We might need to jump 10 minutes early because of a big tanker that was going to be cruising by in the bay. Another group led by the South End Rowing Club was starting shortly before us from Alcatraz also. For the first 2/3 of the swim, we should aim west, between the eastern end of the Muni Pier and Fort Mason depending on our ability. The tide should come in at about the 2/3 point and carry us nicely to the entrance of Aquatic Park. Good plan.
We boarded a small boat at Hyde Street Pier, giving us a beautiful view of the ferryboat Eureka in the morning sun. I had brought a big fluffy jacket to keep warm but surprisingly, I didn’t need it. My 8YO munched on her cereals while the 6YO clung to me like an oyster to the rock. My swim partner Becky was chatting with another swimmer and I watched the skyline get smaller and smaller. In front of Alcatraz, we didn’t stop where the triathlon ferries stop east of the island but rather more in front of it. In fact there was a big rock with pelicans on it.
“Porpoise!” I yelled after seeing a dark shiny fin surface and disappear. No, it was only a sea lion. “Don’t tell me if you see anything bigger,” said Becky. Oops. Leslie didn’t waste any time and started the count down. The faster swimmers went first. Single file, one by one, we were called. I hugged my girls, heard my name and jumped without thinking, pushing my goggles tight on my face so they wouldn’t go flop in the water.
Surfacing, I turned around and waved at my girls. If the water was cold, I didn’t notice. The adrenaline rush was such that I was focused on one thing only: find my kayak and start swimming. Which I did. Aim for Fort Mason, aim for Fort Mason I kept telling myself. I could see Fort Mason clearly but it seemed far. Blocking my brain to any live creatures below us, I just swam in my usual one-gear way. Left, right, left, breathe – right, left, right, breathe. Sight occasionally, check your kayak is around. The water wasn’t choppy but some bigger waves had me swallow salt water despite my better judgment.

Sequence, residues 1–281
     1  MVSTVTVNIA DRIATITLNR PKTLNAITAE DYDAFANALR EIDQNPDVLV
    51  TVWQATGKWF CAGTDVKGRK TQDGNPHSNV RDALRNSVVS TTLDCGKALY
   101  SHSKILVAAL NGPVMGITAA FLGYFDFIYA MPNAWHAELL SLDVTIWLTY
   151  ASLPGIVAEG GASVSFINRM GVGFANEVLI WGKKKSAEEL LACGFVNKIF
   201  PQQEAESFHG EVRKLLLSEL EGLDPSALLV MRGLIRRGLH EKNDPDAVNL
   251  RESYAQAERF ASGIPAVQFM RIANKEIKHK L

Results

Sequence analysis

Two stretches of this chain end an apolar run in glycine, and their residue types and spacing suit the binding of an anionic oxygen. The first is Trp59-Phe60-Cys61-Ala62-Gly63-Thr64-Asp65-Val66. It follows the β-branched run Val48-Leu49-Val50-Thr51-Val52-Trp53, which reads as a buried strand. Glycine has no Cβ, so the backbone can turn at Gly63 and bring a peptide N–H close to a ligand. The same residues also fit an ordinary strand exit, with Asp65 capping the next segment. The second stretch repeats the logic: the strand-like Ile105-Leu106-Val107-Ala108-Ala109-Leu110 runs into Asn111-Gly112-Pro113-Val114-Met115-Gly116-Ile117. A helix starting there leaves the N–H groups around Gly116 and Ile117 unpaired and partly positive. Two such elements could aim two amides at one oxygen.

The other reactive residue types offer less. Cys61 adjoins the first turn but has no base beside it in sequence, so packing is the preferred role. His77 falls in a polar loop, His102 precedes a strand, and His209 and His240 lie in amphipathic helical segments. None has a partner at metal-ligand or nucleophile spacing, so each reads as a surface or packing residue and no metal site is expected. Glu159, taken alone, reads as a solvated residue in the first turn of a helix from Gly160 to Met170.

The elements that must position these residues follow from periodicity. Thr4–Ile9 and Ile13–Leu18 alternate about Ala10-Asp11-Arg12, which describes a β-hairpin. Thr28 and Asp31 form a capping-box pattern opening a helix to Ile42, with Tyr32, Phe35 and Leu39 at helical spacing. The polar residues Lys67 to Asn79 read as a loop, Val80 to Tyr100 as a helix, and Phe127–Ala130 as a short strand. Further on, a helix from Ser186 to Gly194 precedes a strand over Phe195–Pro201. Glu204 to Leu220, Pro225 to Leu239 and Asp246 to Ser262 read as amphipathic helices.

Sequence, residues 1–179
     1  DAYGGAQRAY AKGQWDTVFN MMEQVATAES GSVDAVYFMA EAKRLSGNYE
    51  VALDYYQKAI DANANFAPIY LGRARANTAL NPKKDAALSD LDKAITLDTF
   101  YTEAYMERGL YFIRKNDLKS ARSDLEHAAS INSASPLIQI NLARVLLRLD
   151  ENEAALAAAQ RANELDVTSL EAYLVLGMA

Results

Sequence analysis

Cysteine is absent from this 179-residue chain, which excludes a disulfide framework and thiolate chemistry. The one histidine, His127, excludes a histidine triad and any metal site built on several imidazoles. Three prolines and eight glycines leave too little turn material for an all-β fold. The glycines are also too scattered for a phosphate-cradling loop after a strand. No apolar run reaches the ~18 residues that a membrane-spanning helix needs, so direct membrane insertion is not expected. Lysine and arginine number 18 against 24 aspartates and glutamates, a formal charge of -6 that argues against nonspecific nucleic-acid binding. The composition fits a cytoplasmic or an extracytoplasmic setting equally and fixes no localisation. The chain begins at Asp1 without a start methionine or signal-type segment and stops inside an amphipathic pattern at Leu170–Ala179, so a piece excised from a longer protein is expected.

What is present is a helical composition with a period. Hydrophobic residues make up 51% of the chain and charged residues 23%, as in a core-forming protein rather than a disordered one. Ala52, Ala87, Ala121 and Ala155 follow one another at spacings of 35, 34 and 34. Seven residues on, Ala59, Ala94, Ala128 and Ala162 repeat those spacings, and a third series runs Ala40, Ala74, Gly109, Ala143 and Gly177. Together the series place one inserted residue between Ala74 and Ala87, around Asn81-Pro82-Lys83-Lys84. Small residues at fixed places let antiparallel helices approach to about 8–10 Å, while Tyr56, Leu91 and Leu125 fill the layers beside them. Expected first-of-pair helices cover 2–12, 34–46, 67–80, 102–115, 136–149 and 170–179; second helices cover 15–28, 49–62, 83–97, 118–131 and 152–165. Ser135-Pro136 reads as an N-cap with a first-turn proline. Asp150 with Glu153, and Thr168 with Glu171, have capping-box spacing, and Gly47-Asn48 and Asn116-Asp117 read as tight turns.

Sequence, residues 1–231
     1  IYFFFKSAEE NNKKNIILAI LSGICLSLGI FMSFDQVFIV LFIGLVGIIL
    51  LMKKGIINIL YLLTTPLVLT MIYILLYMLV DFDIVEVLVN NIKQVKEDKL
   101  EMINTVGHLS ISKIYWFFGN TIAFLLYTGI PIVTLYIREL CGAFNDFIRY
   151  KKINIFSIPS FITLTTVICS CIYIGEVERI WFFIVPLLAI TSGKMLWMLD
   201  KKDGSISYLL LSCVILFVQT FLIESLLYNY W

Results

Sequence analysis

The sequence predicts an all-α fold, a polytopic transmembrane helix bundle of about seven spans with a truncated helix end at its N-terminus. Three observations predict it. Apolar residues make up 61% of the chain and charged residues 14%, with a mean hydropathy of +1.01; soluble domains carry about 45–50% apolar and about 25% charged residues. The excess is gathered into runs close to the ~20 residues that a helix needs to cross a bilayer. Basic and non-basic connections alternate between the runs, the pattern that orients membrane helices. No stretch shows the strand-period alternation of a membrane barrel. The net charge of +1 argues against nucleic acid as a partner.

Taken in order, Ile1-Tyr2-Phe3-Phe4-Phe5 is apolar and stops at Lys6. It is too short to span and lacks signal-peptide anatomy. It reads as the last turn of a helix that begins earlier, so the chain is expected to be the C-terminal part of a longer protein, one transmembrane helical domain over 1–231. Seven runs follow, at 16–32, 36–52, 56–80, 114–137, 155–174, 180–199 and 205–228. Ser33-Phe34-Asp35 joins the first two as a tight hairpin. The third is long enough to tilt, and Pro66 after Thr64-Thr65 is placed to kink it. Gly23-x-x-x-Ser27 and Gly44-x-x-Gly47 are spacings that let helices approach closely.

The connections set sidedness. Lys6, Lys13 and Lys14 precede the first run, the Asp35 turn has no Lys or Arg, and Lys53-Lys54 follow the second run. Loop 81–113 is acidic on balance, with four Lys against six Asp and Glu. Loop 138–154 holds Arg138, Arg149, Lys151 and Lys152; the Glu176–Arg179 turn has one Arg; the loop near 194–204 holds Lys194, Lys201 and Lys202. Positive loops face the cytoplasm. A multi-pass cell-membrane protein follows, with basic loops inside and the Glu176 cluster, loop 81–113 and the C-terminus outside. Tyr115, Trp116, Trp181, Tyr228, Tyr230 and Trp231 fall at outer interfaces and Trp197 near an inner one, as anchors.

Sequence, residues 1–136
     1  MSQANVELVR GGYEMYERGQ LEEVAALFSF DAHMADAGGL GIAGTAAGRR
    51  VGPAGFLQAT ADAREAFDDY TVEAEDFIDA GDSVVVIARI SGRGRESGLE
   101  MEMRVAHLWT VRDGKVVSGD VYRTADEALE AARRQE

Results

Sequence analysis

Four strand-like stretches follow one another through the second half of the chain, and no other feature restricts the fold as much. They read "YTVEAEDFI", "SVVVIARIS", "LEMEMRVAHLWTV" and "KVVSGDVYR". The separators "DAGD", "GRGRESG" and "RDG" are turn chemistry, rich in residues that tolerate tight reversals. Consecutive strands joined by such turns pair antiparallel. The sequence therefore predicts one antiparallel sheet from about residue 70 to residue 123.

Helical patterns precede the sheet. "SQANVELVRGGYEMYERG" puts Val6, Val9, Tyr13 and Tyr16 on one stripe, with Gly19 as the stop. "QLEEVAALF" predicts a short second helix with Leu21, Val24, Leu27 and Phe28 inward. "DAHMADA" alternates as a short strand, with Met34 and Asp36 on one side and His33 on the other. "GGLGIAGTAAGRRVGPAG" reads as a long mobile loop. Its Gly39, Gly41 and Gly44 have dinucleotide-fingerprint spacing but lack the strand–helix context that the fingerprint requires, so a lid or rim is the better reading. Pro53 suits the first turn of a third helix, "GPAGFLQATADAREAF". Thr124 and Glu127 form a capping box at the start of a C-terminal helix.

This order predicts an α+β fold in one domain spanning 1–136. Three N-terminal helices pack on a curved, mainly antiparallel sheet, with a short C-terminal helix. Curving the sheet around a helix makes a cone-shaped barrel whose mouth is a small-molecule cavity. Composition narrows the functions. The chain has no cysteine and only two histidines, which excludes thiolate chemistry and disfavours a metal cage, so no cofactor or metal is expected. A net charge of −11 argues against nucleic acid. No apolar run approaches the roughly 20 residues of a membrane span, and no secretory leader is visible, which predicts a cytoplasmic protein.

Around half way through, I noticed I had no idea where my kayak was anymore. So much for “staying with my pod.” One of the kayaks paddled by and re-adjusted my course. I was aiming too far west. Really? This did seem like the right direction for Fort Mason though. And then 10 minutes later, new instructions came. “Aim for the TransAmerica Pyramid!” Where did that come from? Wasn’t the flooding tide supposed to carry us east at some point? Apparently not.
About 300 yards from shore, I noticed a group of swimmers next to the pilings of the easterly buildings of Fort Mason. What were they doing there? I also noticed I wasn’t moving despite my swimming. Dang, that current! So this explained that. The tide was still ebbing and we had aimed too far west of our goal – the 50-yard opening of Aquatic Park. Reality check: we needed help. I swam parallel to shore, avoiding at all costs getting too close to the shore where the current is stronger.
If you look at the photo gallery, you’ll see three of the stronger swimmers actually swimming underneath the Muni Pier, cutting across the pilings to reduce the influence of the strong ebb along shore. Now that’s crazy and don’t ever do it if you’re not a super strong swimmer. These concrete pilings are covered in sharp shells, I don’t need to draw you a picture. Hats down to the three swimmers though, you guys are my heroes.